systemd_unit

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Use the systemd_unit resource to create, manage, and run systemd units.

New in Chef Client 12.11. Changed in 12.19 to verify systemd files before installation.

Syntax

A systemd_unit resource describes the configuration behavior for systemd units. For example:

systemd_unit 'sysstat-collect.timer' do
  enabled true
  content '[Unit]\nDescription=Run system activity accounting tool every 10 minutes\n\n[Timer]\nOnCalendar=*:00/10\n\n[Install]\nWantedBy=sysstat.service'
end

The full syntax for all of the properties that are available to the systemd_unit resource is:

systemd_unit 'name' do
  enabled                Boolean
  active                 Boolean
  masked                 Boolean
  static                 Boolean
  user                   String
  content                String or Hash
  triggers_reload        Boolean
end

where

  • name is the name of the unit
  • active specifies if the service unit type should be started
  • user is the user account that systemd units run under. If not specified, systemd units will run under the system account.
  • content describes the behavior of the unit

Actions

This resource has the following actions:

:create
Create a unit file, if it does not already exist.
:delete
Delete a unit file, if it exists.
:enable
Ensure the unit will be started after the next system boot.
:disable
Ensure the unit will not be started after the next system boot.
:nothing
Default. Do nothing with the unit.
:mask
Ensure the unit will not start, even to satisfy dependencies.
:unmask
Stop the unit from being masked and cause it to start as specified.
:start
Start a unit based in its systemd unit file.
:stop
Stop a running unit.
:restart
Restart a unit.
:reload
Reload the configuration file for a unit.
:try_restart
Try to restart a unit if the unit is running.
:reload_or_restart
For units that are services, this action reloads the configuration of the service without restarting, if possible; otherwise, it will restart the service so the new configuration is applied.
:reload_or_try_restart
For units that are services, this action reloads the configuration of the service without restarting, if possible; otherwise, it will try to restart the service so the new configuration is applied.

Properties

This resource has the following properties:

enabled

Ruby Types: TrueClass, FalseClass

Specifies whether the unit is enabled or disabled.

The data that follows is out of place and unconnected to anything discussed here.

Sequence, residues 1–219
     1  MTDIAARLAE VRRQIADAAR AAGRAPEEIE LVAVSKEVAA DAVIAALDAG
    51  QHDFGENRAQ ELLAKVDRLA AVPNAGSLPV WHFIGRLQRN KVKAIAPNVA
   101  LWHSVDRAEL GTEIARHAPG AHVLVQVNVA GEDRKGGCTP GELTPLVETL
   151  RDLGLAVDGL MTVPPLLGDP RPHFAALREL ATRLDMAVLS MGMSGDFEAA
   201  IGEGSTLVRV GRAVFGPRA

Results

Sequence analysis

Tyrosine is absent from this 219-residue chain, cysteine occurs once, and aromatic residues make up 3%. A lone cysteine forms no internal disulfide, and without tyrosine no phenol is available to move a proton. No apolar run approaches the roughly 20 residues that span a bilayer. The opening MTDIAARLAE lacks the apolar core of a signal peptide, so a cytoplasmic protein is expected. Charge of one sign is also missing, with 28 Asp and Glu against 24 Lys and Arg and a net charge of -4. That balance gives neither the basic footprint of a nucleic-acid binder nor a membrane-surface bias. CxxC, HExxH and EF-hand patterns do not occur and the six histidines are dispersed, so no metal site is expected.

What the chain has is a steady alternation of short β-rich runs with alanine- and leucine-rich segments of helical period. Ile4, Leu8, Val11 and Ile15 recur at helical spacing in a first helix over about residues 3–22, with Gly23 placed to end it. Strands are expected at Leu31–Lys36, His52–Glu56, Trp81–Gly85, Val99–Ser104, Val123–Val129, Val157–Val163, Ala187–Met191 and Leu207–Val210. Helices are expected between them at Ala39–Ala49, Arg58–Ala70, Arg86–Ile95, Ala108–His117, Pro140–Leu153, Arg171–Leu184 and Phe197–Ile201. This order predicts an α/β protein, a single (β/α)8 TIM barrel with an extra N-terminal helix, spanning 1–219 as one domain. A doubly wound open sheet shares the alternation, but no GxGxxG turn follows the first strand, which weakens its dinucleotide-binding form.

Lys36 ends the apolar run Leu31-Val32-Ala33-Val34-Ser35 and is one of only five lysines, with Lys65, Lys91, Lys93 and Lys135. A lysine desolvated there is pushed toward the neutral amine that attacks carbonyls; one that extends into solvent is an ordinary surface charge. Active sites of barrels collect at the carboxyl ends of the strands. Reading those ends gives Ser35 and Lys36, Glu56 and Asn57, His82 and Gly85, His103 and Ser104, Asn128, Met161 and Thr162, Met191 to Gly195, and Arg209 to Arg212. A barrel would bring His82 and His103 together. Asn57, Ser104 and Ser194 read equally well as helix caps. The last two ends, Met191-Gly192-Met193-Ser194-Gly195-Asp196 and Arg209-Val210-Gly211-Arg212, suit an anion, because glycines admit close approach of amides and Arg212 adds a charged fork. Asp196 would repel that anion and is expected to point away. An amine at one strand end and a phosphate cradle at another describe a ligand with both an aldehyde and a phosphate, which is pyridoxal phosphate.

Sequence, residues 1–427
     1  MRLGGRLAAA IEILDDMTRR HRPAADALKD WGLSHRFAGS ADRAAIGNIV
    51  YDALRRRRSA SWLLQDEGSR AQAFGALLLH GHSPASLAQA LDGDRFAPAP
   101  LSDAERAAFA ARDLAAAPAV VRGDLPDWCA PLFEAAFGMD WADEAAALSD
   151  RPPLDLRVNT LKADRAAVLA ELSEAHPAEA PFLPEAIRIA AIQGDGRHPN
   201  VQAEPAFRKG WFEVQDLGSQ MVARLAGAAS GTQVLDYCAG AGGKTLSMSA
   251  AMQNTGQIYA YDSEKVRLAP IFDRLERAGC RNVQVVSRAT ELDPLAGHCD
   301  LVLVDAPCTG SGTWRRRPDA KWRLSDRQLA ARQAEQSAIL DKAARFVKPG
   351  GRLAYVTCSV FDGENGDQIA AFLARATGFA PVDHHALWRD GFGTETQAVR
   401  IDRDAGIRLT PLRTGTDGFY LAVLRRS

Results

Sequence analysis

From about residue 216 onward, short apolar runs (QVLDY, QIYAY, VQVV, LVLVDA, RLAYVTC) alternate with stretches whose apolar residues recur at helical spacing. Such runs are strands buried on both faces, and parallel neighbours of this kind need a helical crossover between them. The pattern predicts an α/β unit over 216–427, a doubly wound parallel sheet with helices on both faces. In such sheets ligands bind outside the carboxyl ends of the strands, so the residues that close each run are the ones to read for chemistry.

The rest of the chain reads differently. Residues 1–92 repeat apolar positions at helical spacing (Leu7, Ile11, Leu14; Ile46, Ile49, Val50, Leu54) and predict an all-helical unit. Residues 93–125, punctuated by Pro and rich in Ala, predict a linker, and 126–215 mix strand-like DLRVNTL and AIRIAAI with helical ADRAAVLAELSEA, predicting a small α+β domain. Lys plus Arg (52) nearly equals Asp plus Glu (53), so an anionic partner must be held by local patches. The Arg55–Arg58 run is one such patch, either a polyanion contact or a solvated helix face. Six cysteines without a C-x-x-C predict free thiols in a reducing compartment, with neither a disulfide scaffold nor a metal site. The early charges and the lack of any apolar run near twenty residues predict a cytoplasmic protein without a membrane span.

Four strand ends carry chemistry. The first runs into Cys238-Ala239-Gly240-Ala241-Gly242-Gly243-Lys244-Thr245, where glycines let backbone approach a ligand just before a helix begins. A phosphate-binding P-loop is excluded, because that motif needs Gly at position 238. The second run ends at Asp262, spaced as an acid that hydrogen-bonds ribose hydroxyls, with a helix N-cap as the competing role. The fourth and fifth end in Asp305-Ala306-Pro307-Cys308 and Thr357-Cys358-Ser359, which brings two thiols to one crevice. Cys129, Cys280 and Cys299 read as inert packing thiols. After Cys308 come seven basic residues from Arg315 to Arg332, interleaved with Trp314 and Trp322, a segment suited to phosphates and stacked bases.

active

Ruby Type: TrueClass, FalseClass

Specifies whether the unit is started or stopped.

masked

Ruby Type: TrueClass, FalseClass

Specifies whether the unit is masked or not.

static

Ruby Type: TrueClass, FalseClass

Specifies whether the unit is static or not. Static units cannot be enabled or disabled.

user

Ruby Type: String

The user account that the systemd unit process is run under. The path to the unit for that user would be something like /etc/systemd/user/sshd.service. If no user account is specified, the systemd unit will run under a system account, with the path to the unit being something like /etc/systemd/system/sshd.service.

content

Ruby Type: String, Hash

A string or hash that contains a systemd unit file definition that describes the properties of systemd-managed entities, such as services, sockets, devices, and so on.

triggers_reload

Ruby Type: TrueClass, FalseClass

Specifies whether to trigger a daemon reload when creating or deleting a unit. Default is true.

Providers

Where a resource represents a piece of the system (and its desired state), a provider defines the steps that are needed to bring that piece of the system from its current state into the desired state.

The chef-client will determine the correct provider based on configuration data collected by Ohai at the start of the chef-client run. This configuration data is then mapped to a platform and an associated list of providers.

Generally, it’s best to let the chef-client choose the provider, and this is (by far) the most common approach. However, in some cases, specifying a provider may be desirable. There are two approaches:

  • Use a more specific short name—yum_package "foo" do instead of package "foo" do, script "foo" do instead of bash "foo" do, and so on—when available
  • Use the provider property within the resource block to specify the long name of the provider as a property of a resource. For example: provider Chef::Provider::Long::Name

This resource has the following providers:

Chef::Provider::SystemdUnit, systemd_unit
The provider for systemd_unit.